In contrast to the number of studies examining the boundaries between ASD disorders as a whole, only two studies looked within a sample of children diagnosed with PDD-NOS in order to detect subgroups and further define the characteristics of these children. Walker and colleagues (2004) conducted a qualitative assessment of a small sample of children diagnosed with PDD-NOS (Mean age=86.3 months, SD=38 months) and identified three groups that emerged from their data. The first group (n=11) demonstrated few repetitive and stereotyped behaviors, were described as cognitively “high functioning,” and had a “transient or persistent language delay.” The second group (n=5) exhibited numerous repetitive and stereotyped behaviors, yet had “good” current language skills. The authors hypothesized that this group might have met criteria for Asperger’s Disorder, except for a mild language delay earlier in development. Finally, the third group (n=5) was characterized as being potentially “too young or too delayed” to effectively assess for repetitive or stereotyped behaviors. The authors also posited that these children might have presented with a late age of onset for Autistic Disorder (Walker et al. 2004).
A study conducted by Mandy and colleagues (2011) looked at a sample of children diagnosed with PDD-NOS (N=256, Mean age 9.1 years) and grouped them according to DSM-IV-TR symptomotology. Their results indicated that 97% of children with PDD-NOS in their sample presented with a combination of social interaction and communication impairments, while only 3% presented with the combination of social interaction deficits and repetitive or stereotyped behaviors (Mandy et al. 2011). These findings suggested that a majority of children with PDD-NOS presented with difficulties in communication skills in addition to deficits in reciprocal social interaction, but very few of these children demonstrated repetitive and stereotyped behaviors. Both of these studies suggest that repetitive or stereotyped behaviors may appear later in development or might not be consistently observed. This finding has important implications for the identification of ASD in young children with less severe autism symptomotology.
Several studies have found that children with PDD-NOS were more likely than those with other ASD diagnoses to achieve “optimal outcomes” as they grew older. An “optimal outcome” refers to children who were diagnosed with an ASD at an early age but no longer demonstrate ASD symptoms when revaluated later in development. A study by Sutera and colleagues (2007) found that 39% of their sample of 11 children diagnosed with PDD-NOS at approximately 2 years of age no longer met criteria for an ASD by the time they were 4-years-old. This rate of achieving “optimal outcomes” by children with PDD-NOS was significantly greater than that of children diagnosed with Autistic Disorder at 11% (Sutera et al. 2007). This pattern of children with PDD-NOS no longer meeting criteria for an ASD at age 4 has been demonstrated in several other studies (Berry 2009; Helt et al. 2008; Lord et al. 2006). Berry and colleagues (2009) looked at diagnostic outcomes for children diagnosed with PDD-NOS at age 2 when re-evaluated at age 4 and found several factors to be predictive of “optimal outcomes” at age 4 (Berry 2009). These included better motor abilities early in development as reported by the parents, low symptom severity at initial diagnosis, presence of few repetitive behaviors, higher adaptive skills as measured by parent-report, and higher expressive language abilities on a developmental assessment measure (Berry 2009). These findings suggest that there may be patterns of characteristics within PDD-NOS that might provide information about potential future outcomes.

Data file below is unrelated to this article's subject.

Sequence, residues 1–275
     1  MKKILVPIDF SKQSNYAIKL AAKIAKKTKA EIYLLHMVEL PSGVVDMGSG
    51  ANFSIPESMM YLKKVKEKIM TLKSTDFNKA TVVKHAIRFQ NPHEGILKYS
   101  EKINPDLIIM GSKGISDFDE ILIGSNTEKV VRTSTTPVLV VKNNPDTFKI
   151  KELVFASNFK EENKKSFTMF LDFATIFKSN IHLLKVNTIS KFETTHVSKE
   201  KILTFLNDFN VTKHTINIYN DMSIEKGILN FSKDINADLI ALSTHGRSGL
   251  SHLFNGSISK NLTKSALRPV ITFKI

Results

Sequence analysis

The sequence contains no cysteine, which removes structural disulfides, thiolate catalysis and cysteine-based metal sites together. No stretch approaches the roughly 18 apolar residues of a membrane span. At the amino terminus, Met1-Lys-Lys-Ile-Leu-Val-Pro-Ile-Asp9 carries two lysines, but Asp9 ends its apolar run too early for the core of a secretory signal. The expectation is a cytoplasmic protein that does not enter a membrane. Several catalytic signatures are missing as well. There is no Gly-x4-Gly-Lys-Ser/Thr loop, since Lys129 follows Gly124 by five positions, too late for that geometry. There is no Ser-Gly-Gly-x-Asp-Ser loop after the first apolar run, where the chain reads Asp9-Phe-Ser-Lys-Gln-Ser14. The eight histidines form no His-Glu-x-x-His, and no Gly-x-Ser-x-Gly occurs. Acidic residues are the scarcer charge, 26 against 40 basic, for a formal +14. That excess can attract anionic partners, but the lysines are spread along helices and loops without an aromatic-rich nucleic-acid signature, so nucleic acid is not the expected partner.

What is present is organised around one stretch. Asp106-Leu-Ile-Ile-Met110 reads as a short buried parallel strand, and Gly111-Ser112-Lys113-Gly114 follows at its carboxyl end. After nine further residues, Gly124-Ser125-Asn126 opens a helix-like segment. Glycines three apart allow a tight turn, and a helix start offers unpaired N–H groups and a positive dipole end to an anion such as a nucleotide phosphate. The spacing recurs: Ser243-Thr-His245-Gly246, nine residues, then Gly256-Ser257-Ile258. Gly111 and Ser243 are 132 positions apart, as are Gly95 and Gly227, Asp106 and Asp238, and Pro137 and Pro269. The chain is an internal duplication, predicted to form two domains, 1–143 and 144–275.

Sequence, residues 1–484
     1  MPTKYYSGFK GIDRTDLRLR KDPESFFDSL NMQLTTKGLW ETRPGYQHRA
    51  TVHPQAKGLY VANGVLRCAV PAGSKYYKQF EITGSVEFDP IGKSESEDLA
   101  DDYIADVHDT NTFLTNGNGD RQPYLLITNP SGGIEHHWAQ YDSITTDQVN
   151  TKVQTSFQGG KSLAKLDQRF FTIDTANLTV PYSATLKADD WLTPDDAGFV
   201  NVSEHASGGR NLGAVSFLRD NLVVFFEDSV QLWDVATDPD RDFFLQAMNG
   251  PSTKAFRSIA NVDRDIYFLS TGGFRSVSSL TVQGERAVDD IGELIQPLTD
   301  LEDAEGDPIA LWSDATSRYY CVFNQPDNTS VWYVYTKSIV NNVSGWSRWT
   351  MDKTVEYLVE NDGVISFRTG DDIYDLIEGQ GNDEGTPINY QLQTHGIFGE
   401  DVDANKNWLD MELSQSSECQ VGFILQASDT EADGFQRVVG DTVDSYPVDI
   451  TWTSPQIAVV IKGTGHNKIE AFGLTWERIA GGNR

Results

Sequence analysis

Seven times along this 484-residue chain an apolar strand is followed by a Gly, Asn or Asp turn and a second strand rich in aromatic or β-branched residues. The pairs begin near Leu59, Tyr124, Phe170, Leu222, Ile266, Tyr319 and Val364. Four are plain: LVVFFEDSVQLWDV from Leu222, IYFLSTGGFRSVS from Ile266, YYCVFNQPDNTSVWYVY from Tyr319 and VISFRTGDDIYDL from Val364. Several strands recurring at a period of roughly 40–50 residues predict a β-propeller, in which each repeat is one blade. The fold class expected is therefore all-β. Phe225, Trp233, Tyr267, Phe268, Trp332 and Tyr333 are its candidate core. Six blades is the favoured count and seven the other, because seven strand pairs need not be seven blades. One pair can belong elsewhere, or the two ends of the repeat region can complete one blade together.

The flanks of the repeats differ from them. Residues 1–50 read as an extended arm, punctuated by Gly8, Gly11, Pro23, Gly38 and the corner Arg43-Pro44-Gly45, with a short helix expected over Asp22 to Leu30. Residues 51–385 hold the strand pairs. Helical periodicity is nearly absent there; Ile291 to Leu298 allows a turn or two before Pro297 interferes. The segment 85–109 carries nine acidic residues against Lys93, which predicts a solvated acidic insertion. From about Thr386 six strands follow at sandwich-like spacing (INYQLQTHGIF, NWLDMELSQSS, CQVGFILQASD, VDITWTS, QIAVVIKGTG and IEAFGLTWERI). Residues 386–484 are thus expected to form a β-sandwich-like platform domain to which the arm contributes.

Identifying subgroups of children within the DSM-IV-TR’s PDD-NOS population may enhance our ability to identify, understand, and provide services for these children. It may also provide valuable information about a group of children who may be affected by the modifications to ASD diagnoses under the new DSM-5 criteria.
The current study sought to examine the characteristics of a sample of children diagnosed with PDD-NOS at approximately 2 years of age. The study’s specific aim was to identify more homogeneous and clinically meaningful subgroups within a sample of children diagnosed with PDD-NOS in the hope that those subgroups would have predictive validity for future diagnosis. This aim was addressed through: (a) utilization of a hierarchical cluster analysis to detect clusters in the current sample, (b) description of the characteristics within the subgroups detected by the cluster analysis, (c) determination of the predictive validity of subgroups by demonstrating differential outcomes based on the diagnosis received when the children were reevaluated at age 4, and (d) external validation of the subgroups using variables not included in the cluster analysis.
The following hypotheses were made concerning the outcomes of this analysis. First, given the common suggestion that PDD-NOS was a “catchall” diagnosis, we predicted that the characteristics of the subgroups detected by the cluster analyses at age two would show a varied, or atypical profile, meaning that the children in each subgroup would present with a profile that differed across multiple domains, rather than along a spectrum of symptom severity. Second, emphasis was placed on the predictive value of the clusters. Patterns of behaviors in children with PDD-NOS at age 2 might provide important information about their potential developmental course. It was therefore hypothesized that subgroup membership at age 2 would be related to diagnostic outcome at age 4.